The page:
Journal Prov 10 (all references are from the ESV unless noted otherwise; changes in punctuation are mine)

Scripture: “Whoever heeds (pays attention to) instruction is on the path to life, but he who rejects reproof leads others astray.” Prov 10:17

Observation: There are a lot of “if/then” statements in Prov 10, some that are more “promising” than this one. However, this one has challenge to the believer’s heart.

Analysis: Reproof, criticism, admonishment, rebuked, and many other synonyms like these are the bane of any age of Believer. No one likes to be criticized.

Especially me.

The most difficult practice I have in pursuing godliness is to hold my tongue, accept and analyze critique, and not revert immediately to some self-protection mode of defense, rejecting what is being said.

My motive in anything is suspect except to me. I think way higher of myself than I ought. Therefore, it is good that the Holy Spirit has HIS best interests for me in front of Him always.

So, I need to get my mind reoriented as per Romans 12. Embracing reproof (criticism) without defense or rebuttal may be a good start:

“Let a righteous man strike me—it is a kindness; let him rebuke me—it is oil for my head; let my head not refuse it…” (Ps 141:5a)

“Behold, blessed is the one whom God reproves; therefore, despise not the discipline of the Almighty.” (Job 5:17)

And my favorite, “Whoever loves discipline loves knowledge; but he who hates reproof is stupid.” Prov 12:1)

How do I deal with reproof?  Not very well, but I do have a process I go through:

  • Try to immediately bow my head and, more importantly, my heart.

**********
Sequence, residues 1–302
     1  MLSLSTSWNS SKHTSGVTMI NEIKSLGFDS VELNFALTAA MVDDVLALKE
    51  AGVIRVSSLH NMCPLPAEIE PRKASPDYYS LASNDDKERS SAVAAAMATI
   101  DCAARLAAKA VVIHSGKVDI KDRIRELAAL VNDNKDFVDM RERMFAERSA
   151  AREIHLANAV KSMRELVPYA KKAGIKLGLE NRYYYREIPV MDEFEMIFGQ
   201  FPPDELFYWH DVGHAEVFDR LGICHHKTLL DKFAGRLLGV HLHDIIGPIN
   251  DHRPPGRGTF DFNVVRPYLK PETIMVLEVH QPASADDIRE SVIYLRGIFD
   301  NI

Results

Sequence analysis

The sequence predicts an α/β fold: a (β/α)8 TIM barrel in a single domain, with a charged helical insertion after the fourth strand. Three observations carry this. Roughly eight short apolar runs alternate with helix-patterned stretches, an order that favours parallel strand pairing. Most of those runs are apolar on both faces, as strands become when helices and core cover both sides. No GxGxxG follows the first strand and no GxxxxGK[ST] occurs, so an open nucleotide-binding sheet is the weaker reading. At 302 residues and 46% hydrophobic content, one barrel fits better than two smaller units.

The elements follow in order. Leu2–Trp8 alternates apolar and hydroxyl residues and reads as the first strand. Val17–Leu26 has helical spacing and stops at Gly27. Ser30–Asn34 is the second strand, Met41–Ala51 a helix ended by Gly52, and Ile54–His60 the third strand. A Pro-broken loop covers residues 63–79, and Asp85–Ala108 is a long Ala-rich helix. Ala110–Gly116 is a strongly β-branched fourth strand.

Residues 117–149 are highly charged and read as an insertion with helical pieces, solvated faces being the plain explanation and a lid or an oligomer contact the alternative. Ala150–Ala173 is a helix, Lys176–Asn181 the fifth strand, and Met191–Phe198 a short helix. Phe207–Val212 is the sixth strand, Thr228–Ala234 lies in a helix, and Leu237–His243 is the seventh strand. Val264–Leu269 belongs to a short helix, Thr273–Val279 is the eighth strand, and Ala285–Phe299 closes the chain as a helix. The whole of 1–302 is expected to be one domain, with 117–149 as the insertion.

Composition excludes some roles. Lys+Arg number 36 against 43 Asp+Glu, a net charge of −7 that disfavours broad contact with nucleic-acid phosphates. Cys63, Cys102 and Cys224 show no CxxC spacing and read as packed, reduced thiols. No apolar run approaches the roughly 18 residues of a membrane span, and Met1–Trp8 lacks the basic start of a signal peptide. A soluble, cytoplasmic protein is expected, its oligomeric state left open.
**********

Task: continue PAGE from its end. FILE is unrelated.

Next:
• Give recognition that this is the Holy Spirit; reject that this is some attack from the enemy; remember Job 1-3 and that God uses the enemy to discipline and prove the believer.
  • If my heart is unsteady and raging, control my mouth and don’t let sin use my tongue to start a fire (c. James 3, but especially James 1:19 “Know this, my beloved brothers: let every person be quick to hear, slow to speak, slow to anger; for the anger of man does not produce the righteousness of God.”)
  • Thank the person for having the courage to speak, “Thank you for sharing that with me. Could I ask some clarifying questions? May I have some time to consider what you just said and get back to you?”
  • And then truly do the above.

Remember and be convinced, criticism is a kindness.

So, as to not paint this as easy, it is not and it takes effort and intent to do the above; a lot of preparation and practice—in prayer, study, and meditation, but also transparency in confession and discipleship with other brothers. In Ps 39, David shows he was not immune from the rising up of anger when challenged:

“I was mute and silent; I held my peace to no avail, and my distress grew worse. My heart became hot within me. As I mused, the fire burned; then I spoke with my tongue…” Ps 39:2-3

But David also tried to prep himself: “I said, I will guard my ways, that I may not sin with my tongue; I will guard my mouth with a muzzle, so long as the wicked are in my presence.” (Ps 39:1)

This is not a one and done subject for Believers.

Prayer: Lord, as the day dawns, teach me to hold my tongue from evil and only use the few words that you give me to be in your service always.


Ricky Two Shoes